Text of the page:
The primary purpose of this paper is to assess the current legal status of automated vehicles. However, the paper includes draft language for US states that wish to clarify this status. It also recommends five near-term measures that may help increase legal certainty without producing premature regulation. First, regulators and standards organizations should develop common vocabularies and definitions that are useful in the legal, technical, and public realms. Second, the United States should closely monitor efforts to amend or interpret the 1969 Vienna Convention, which contains language similar to the Geneva Convention but does not bind the United States. Third, NHTSA should indicate the likely scope and schedule of potential regulatory action. Fourth, US states should analyze how their vehicle codes would or should apply to automated vehicles, including those that have an identifiable human operator and those that do not. Finally, additional research on laws applicable to trucks, buses, taxis, low-speed vehicles, and other specialty vehicles may be useful. This is in addition to ongoing research into the other legal aspects of vehicle automation.”

(Via Marginal Revolution.)

First do no harm: Cities and infrastructure as living systems | streets.mn

Cross-posted from streets.mn: First do no harm: Cities and infrastructure as living systems 

First do no harm: Cities and infrastructure as living systems

 

Cities, and the infrastructure networks that bind them, are alive.

Wikipedia says:

Life (cf. biota) is a characteristic that distinguishes objects that have signaling and self-sustaining processes from those that do not, either because such functions have ceased (death), or else because they lack such functions and are classified as inanimate. Biology is the science concerned with the study of life.

Any contiguous living system is called an organism. Organisms undergo metabolism, maintain homeostasis, possess a capacity to grow, respond to stimuli, reproduce and, through natural selection, adapt to their environment in successive generations. More complex living organisms can communicate through various means.

The city has often been likened to an organism, with downtown representing the control functions of the brain. Scientists have examined the city’s metabolism, and ask what nature teaches about cities.

The better analogy is probably that of the superorganism. Like an ant colony, a city (which obviously contain lots of individual organisms, us) and its infrastructure persists over time, taking in and sending out resources. The city grows (or dies) and occasionally sends off spores to form a new metropole.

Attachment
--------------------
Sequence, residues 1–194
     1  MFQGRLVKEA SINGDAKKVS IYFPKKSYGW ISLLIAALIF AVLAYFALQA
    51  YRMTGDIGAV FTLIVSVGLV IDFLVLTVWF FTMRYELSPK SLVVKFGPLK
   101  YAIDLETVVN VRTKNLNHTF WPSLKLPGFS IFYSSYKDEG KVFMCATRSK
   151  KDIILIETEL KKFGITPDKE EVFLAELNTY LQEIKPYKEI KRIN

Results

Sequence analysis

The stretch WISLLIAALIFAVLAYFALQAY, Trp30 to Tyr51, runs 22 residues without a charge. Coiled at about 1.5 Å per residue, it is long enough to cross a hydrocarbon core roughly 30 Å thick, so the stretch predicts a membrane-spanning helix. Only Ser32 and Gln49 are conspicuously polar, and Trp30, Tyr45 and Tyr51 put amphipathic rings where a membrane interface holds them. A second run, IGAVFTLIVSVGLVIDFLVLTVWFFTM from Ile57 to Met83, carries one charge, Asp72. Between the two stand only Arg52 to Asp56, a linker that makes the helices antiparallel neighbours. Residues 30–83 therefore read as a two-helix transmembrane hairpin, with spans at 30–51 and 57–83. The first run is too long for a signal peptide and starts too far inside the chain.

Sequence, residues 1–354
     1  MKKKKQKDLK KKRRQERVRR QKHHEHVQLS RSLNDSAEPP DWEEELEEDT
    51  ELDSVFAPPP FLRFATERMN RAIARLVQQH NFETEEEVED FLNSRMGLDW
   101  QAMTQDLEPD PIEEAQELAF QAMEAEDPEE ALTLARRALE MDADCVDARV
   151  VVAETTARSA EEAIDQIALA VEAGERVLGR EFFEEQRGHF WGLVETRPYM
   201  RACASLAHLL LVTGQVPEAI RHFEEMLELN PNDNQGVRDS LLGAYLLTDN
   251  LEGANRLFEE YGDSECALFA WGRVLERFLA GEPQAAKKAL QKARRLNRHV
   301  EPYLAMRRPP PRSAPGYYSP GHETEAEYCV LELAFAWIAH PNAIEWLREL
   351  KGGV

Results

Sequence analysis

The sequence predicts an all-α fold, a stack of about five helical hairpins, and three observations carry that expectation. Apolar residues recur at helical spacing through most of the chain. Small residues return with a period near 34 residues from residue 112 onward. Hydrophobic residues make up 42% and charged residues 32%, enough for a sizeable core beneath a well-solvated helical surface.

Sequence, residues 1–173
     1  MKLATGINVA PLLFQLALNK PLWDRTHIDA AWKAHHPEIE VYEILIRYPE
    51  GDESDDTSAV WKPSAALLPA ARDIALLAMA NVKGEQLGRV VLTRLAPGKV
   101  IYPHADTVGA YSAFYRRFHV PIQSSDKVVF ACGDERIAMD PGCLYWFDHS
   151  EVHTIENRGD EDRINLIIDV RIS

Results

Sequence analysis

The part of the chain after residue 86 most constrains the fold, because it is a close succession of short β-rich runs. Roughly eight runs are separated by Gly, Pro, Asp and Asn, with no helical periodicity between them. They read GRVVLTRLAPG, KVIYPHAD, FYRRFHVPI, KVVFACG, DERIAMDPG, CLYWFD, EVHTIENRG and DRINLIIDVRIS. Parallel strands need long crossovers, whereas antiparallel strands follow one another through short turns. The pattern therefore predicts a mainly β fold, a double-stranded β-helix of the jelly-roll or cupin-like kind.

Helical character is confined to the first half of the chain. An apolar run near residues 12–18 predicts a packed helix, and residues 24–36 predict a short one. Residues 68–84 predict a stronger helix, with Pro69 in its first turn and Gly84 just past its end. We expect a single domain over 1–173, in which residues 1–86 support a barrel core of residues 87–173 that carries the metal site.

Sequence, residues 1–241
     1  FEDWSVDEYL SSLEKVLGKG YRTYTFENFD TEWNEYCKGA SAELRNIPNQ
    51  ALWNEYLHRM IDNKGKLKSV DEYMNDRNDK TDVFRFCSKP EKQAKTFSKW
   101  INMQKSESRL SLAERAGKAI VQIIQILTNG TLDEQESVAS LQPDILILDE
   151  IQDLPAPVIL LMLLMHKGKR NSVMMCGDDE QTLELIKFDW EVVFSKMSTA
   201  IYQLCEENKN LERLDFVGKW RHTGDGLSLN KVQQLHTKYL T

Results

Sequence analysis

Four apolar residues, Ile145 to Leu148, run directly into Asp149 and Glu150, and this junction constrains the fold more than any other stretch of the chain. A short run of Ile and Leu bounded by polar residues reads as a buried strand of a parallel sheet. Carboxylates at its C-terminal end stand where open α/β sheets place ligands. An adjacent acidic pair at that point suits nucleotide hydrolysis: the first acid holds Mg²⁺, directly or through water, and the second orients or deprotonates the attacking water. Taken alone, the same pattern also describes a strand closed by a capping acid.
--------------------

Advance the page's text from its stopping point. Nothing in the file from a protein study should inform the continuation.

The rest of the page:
Money in the urban economy is then analogous to the energy and food supplies needed by more conventional life forms. The more trade, the larger the city can grow. And like a tree which grows up and out, with a rotted out core, the same often happens to cities. Interaction with the outside world, the source of energy or economic resources, takes place at the boundaries of an organism. The super-organism may eventually decide it doesn’t need the inside or finds that is best used for storage. Or it may rediscover its abandoned areas. The tension between agglomeration and external trade is resolved in different ways in different places.

We also talk about the lifecycle of technologies, from birth, to growth, to maturity, to decline, analogizing technologies to living organisms. Individual deployments of those technologies may follow similar lifecycles.

The “production function” of living systems combines fixed and variable costs. As a homeowner we may plant a tree. But if we don’t take care of the tree, its likelihood of long-term success is low. We maintain it. We prune it. We water it. We protect from bugs, and so on. We don’t “set it and forget it” about trees, nor should we about infrastructure. We need to think about the lifecycle of buildings and infrastructures. Eventually they fail or we realize they are going to fail, or we might want to replace them because they are functionally obsolete. To keep them alive we need to monitor, maintain, repair, and eventually rebuild these systems, alternatively we might just abandon them.

Epidemiology studies the state of human health, as measured by the presence or absence of disease, as well as the causes of those diseases, whether genetic, behavioral, or environment. Someone should similarly be responsible for studying and treating the state of urban health, focusing upon the city’s circulatory system, and looking at causes including human behavior and the urban environment (which is usually taken as fixed) in which humans interact. As knowledge from epidemiology leads to treatments by doctors prescribing medicine, nutritionists telling the patient to change his habits, or regulators changing environmental standards, knowledge from transportation leads to treatments by traffic engineers prescribing angioplasty for the hardened arterials of our city, planners building bypasses, or gurus telling us to change our behavior or urban environment.

There is at least one useful lesson from medicine: First do no harm. We would not want a doctor to chop off our arm, and leave a gaping hole for a few decades while he figured out what to do next. We should consider why we permit destruction of functional if not optimal parts of cities well before we have any plan or resources to close the gaping wound with something else functional. The equivalent of a city’s doctors need to require replacement by something other than a vacant lot or surface parking before they permit demolition.